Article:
Sepharose Covalently Coupled with CCG-1423

Preparation of CCG-1423 affinity Sepharose was based on previously reported methods [25], [26], [27]. The structure of the photoaffinity linker was characterized by 1H NMR, recorded on Bruker AVANCEIII 400 (400 MHz for 1H) or JEOL JNM-AL300 (300 MHz for 1H) spectrometers.

Confirmation of Direct Binding of CCG-1423 to RPEL Proteins

Direct binding of CCG-1423 to each of Mycd family members and Phactr1 was examined by pull-down assay using CCG-1423 Sepharose. The indicated in vitro-translated proteins were purified using anti-Flag M2 affinity gel or anti-HA affinity matrix and were used as inputs. The IP buffer (total 400 µl) containing the indicated protein(s) (300 ng), 0.005% bovine serum albumin, CCG-1423 Sepharose or control Sepharose without CCG-1423 coupling (bed volume 25 µl), and free CCG-1423 (10 µM) or DMSO were incubated at 4°C for 2 h with gentle shaking. After washing with the IP buffer, followed by washing with phosphate-buffered saline, the pull-down proteins were detected by IB. Detection and quantification of target proteins were performed as described earlier. For IB analysis, 20% of the input proteins and 22% of the pull-down proteins were loaded on the input and the pull-down lanes, respectively. These interaction analyses were repeated three times.

Binding Assay of MRTF-A/B and Phactr1 to CCG-1423 Sepharose Using NIH3T3 Cell Whole Extracts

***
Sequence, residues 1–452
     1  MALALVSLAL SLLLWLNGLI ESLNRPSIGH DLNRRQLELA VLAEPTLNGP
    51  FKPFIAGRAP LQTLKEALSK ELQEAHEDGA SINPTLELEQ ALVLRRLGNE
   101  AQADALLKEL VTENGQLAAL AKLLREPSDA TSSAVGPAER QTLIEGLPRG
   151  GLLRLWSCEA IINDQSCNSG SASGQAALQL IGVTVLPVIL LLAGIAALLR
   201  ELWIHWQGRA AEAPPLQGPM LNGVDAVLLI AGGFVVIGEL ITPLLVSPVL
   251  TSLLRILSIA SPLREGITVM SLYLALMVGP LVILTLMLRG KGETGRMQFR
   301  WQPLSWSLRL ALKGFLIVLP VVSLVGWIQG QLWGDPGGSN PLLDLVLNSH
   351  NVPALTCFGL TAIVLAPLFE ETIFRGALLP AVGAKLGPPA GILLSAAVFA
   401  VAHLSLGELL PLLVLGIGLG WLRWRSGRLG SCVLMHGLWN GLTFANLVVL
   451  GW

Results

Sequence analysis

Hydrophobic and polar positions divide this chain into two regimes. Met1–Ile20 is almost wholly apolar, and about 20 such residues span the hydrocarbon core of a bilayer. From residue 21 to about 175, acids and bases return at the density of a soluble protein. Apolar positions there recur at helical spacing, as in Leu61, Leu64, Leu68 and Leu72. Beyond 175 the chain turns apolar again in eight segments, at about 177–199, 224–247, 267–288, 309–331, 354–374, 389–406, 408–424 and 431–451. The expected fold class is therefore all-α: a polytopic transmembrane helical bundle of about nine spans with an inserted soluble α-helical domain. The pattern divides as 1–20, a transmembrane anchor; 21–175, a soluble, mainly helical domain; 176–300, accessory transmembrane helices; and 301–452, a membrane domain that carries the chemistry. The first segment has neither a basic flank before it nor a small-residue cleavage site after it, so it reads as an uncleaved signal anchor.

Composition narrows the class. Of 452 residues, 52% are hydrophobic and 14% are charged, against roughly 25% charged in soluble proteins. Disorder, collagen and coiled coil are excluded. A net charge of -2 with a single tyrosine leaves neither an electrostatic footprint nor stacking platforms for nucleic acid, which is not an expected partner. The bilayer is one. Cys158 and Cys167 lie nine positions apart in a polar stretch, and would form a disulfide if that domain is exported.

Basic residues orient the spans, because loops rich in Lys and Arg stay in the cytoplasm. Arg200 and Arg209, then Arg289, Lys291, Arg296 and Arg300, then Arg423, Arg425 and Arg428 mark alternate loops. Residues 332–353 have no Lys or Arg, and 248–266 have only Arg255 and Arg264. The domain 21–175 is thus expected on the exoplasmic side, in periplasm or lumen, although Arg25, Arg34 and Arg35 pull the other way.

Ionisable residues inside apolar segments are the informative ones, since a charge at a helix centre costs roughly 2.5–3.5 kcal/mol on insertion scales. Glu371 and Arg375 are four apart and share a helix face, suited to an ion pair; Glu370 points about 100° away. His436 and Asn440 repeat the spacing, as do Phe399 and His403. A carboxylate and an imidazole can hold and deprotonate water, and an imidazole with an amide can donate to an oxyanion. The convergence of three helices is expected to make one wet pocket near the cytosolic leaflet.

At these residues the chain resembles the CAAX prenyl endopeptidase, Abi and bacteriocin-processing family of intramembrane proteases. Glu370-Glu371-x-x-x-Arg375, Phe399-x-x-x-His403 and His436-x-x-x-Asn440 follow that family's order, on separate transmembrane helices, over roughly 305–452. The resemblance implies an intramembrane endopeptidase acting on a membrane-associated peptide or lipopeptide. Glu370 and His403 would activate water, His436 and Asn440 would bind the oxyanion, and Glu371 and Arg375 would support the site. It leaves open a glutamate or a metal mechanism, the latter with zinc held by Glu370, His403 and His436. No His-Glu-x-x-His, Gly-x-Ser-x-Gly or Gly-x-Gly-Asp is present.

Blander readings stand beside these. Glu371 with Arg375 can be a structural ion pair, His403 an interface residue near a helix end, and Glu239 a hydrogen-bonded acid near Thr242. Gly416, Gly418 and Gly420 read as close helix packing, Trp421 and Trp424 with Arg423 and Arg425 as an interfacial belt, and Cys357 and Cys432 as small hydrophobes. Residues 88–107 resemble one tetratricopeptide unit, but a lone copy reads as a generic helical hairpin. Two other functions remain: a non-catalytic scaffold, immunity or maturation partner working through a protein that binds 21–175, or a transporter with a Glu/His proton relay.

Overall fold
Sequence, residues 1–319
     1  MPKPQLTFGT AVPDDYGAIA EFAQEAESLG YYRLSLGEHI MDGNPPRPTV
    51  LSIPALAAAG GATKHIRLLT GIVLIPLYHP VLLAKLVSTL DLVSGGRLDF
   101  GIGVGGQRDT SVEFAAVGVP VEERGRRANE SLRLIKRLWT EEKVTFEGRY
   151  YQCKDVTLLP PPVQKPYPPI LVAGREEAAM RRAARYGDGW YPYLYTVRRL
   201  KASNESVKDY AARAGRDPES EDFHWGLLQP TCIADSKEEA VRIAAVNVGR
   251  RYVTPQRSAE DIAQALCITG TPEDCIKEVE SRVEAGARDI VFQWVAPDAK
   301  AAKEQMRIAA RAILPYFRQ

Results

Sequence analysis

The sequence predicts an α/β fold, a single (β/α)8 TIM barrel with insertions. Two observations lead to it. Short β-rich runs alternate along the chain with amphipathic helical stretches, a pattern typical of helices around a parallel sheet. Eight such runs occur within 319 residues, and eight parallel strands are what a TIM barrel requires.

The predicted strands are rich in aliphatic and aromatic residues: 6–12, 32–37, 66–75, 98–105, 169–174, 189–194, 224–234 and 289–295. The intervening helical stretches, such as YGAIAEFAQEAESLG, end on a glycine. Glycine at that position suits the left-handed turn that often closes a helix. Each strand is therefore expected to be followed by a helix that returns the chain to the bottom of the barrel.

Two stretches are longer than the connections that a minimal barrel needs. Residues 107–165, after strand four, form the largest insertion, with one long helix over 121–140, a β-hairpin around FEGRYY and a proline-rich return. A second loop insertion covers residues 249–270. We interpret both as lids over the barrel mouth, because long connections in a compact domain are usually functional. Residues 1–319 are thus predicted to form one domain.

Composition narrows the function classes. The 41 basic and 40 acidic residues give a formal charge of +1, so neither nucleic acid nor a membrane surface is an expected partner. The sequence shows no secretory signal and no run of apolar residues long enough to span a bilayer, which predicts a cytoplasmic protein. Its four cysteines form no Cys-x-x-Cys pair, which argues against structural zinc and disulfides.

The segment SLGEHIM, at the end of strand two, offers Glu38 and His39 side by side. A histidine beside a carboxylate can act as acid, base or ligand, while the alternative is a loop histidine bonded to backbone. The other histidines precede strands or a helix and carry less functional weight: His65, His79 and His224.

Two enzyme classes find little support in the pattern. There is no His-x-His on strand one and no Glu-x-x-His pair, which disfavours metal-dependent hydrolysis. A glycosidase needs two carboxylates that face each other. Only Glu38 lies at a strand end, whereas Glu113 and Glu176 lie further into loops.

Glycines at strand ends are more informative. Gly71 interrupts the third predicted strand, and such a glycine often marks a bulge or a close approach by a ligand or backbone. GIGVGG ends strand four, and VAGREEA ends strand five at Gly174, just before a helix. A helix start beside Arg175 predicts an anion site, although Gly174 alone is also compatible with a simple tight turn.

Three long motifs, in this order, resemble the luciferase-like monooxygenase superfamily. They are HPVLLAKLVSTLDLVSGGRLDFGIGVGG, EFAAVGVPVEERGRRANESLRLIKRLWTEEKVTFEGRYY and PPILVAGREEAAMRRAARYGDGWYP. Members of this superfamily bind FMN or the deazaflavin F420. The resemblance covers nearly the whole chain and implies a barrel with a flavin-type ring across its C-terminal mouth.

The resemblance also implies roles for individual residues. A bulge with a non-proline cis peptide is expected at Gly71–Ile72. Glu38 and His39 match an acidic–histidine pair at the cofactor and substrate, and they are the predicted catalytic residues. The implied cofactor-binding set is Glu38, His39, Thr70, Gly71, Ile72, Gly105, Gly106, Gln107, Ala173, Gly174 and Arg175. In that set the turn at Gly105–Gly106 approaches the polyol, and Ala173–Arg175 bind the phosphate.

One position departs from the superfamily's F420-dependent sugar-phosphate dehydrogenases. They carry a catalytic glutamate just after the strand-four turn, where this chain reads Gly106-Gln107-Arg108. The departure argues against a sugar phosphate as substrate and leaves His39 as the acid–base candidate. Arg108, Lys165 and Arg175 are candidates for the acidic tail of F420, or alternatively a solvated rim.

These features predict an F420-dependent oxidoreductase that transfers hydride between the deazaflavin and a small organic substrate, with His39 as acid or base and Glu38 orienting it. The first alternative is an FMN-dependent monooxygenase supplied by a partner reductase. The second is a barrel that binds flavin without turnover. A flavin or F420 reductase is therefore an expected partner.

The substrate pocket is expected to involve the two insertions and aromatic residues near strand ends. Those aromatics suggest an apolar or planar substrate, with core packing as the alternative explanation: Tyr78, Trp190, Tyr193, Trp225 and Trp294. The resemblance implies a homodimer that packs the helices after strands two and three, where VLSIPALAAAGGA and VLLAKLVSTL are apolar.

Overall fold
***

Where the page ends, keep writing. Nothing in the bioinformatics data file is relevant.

NIH3T3 cells were transfected with each of the expression plasmids for Flag-MRTF-A, Flag-MRTF-B, and Flag-Phactr1 and were cultured under serum-stimulated conditions for 30 h. For the final 16 h, they were cultured under either serum-stimulated or serum-starved conditions. The serum-starved cells were further cultured for 10 min in the presence of 2 µM of LatB (an inhibitor of actin polymerization). The serum-stimulated cells were further re-stimulated with fresh serum for 15 min. Whole cell extracts were prepared by incubation with the IP buffer containing either 1 µM of Jasp (a stabilizer of F-actin) for serum-stimulated cells or 2 µM LatB for serum-starved cells followed by sonication. The resulting whole cell extracts were subjected to the binding assay using CCG-1423 Sepharose as described earlier.

Statistical Analysis

All graphs show means and standard errors. Statistical analysis was performed using Student’s t-test.

Results

CCG-1423 Treatment Inhibits Serum-induced Nuclear Accumulation of MRTF-A

We examined the effect of CCG-1423 on the subcellular localization of exogenously expressed Flag-MRTF-A in NIH3T3 cells under serum-starved and serum-stimulated conditions (Figure S1A, B). In majority (51.9±7.7%) of the cells expressing Flag-MRTF-A under serum-starved conditions, the protein was primarily observed in the cytoplasm. In contrast, in a large proportion (66.4±0.7%) of serum-stimulated cells, Flag-MRTF-A protein accumulated primarily in the nucleus. CCG-1423 treatment markedly reduced (17.5±1.6%) the proportion of cells showing the nuclear accumulation of the protein. In majority (53.2±5.0%) of the cells treated with CCG-1423, the protein was evenly distributed in the cytoplasm and nucleus. In correspondence with these changes, the protein’s transactivation ability for the SM22α promoter also reduced in CCG-1423-treated cells (Figure S1C). Similar to that of exogenously expressed Flag-MRTF-A, serum-induced nuclear accumulation of endogenous MRTF-A was inhibited by CCG-1423 (Figure S1D, E). These results suggest that CCG-1423 treatment inhibits serum-induced nuclear import of MRTF-A.

CCG-1423 Inhibits MRTF-A Binding to Importin α/β1